I'll spare the zero of you reading this any excuse for my year-and-a-half absence because I don't need to explain myself to non-existant people.
After ten years of pondering and procrastinating I've finally made the move to southern California. Looking back at the midwest, I don't know what took me so long. While Michigan's ass-deep in a frozen white bother called snow (I care not to see it again) I sit writing this post outside at night in December with my sleeves rolled up. Yes, I have the long sleeves, but I've opted to roll them up because this December, I'm in lovely warm San Diego. The beach is half a mile in any direction.
I'm also closer geographically speaking to my goal of writing for film and TV full-time. I'm fortunate enough to have a few undiscussable projects in the works and now I'm close enough to LA I can actually participate in their production. That makes me explode with happy.
For years I thought filmmaking should be a divided, compartmentalized process wherin directors direct, editors edit, cinematographers cinematograph, and writers write. I blame my school for that broken understanding of cinema production. We were instructed to declare a concentration within our major - do you want to produce? Do special effects? DEFINE YOURSELF NOW, unshaped eighteen year-old mind! - and thus I hold a Bachelor of Arts in Film and Video Production with a Concentration in Screenwriting (no it doesn't say that on my diploma, but I was constantly asked throughout my four years "what's your concentration"?). I turned down many good opportunities for on-set work and even a prized editing internship because, well, my time was better spent concentrating on screenwriting. That's who I was forced to tell myself I was!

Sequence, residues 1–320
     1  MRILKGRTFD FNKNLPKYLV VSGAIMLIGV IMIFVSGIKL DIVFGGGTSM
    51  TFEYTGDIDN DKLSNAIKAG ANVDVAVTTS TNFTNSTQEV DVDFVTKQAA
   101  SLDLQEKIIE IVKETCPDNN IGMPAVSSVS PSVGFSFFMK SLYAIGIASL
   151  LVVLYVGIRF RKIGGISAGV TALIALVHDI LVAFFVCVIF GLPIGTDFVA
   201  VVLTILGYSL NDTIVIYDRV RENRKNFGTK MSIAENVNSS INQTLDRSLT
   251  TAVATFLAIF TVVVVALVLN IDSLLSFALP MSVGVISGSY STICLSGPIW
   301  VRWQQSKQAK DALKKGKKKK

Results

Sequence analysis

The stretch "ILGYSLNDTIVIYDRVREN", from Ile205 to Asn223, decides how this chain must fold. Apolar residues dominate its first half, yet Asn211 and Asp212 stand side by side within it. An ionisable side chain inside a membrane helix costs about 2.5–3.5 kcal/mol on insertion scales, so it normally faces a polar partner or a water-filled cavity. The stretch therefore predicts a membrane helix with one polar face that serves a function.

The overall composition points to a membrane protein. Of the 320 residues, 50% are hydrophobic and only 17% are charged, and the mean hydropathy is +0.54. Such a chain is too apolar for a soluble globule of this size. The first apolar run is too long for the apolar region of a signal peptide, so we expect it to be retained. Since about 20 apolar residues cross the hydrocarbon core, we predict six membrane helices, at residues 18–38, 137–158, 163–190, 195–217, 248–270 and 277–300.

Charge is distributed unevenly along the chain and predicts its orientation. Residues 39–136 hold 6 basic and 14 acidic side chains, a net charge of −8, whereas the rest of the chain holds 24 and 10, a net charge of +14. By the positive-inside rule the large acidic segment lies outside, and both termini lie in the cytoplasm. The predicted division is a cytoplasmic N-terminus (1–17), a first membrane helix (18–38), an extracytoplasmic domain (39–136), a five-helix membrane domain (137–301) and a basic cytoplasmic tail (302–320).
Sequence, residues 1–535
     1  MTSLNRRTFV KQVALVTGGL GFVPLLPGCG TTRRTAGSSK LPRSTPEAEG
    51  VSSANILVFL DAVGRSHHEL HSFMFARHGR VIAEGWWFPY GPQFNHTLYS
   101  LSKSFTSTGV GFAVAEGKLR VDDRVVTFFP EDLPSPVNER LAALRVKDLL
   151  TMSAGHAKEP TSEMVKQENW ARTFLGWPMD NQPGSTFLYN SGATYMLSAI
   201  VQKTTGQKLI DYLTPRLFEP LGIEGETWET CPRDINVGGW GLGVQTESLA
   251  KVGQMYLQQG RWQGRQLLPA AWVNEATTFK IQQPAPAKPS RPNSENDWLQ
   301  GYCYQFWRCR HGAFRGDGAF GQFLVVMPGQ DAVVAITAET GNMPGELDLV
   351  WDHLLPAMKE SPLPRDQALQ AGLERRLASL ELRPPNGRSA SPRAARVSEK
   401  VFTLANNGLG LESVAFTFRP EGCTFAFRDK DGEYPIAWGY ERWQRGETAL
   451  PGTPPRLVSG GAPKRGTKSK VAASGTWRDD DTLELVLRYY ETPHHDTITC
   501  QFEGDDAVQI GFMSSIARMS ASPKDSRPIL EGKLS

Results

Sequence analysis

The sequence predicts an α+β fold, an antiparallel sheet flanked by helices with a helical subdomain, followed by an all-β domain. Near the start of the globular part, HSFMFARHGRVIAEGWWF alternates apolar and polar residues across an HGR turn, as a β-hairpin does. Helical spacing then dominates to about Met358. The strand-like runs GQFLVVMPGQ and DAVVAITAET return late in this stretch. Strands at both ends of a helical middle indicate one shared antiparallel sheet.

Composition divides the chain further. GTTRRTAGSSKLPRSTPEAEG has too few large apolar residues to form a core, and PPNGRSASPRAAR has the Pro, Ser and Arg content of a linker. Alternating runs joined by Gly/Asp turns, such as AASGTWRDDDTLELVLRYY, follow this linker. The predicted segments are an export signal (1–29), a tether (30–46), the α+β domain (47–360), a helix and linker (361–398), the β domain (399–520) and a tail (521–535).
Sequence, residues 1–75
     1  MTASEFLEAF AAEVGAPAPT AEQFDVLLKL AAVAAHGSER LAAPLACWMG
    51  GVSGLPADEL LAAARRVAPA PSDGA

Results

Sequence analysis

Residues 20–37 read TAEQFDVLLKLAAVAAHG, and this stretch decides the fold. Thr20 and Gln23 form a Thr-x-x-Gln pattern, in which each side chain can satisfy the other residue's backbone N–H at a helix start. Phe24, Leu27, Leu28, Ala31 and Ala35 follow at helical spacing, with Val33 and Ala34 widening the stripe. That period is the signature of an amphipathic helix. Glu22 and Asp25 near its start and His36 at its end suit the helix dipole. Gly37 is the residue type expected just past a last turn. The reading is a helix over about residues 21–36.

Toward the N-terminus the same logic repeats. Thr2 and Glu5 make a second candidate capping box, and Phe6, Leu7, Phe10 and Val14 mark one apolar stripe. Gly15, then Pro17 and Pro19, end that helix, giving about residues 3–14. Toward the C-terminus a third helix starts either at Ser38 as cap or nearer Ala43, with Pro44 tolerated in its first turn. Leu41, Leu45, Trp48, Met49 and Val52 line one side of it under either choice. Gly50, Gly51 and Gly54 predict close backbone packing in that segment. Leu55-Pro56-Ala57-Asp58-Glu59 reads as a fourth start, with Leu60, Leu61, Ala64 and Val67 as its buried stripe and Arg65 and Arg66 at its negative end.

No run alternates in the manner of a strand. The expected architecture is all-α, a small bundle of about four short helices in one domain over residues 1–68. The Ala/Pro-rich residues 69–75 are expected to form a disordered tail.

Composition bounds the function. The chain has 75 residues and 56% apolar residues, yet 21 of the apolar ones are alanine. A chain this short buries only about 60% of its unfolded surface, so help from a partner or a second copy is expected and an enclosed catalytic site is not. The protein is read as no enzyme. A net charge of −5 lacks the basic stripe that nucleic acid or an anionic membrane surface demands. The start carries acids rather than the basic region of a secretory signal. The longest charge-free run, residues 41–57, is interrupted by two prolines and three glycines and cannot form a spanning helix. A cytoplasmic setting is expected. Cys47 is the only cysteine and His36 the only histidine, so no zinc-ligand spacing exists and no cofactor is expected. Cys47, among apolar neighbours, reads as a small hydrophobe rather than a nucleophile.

I missed out. On a lot. And rather than wonder what would've happened if I'd done this or that, I'll change my present frame of mind to say there are no such things as directors, editors, cinematographers, or writers. If you want to make films, you need to know every aspect of the craft - the best in the biz do, and they're your competition. They're filmmakers, and that term encompasses every aspect of the process from writing and financing, up to the final cut and through distribution.
I've wasted a lot of time with the excuse I need to build my writing portfolio. These days I'm trying to be a filmmaker, and moving here takes me closer to that title. I have no money and no means to get my stuff back across the country should I fail to become one. Feels good to take a big bet on myself.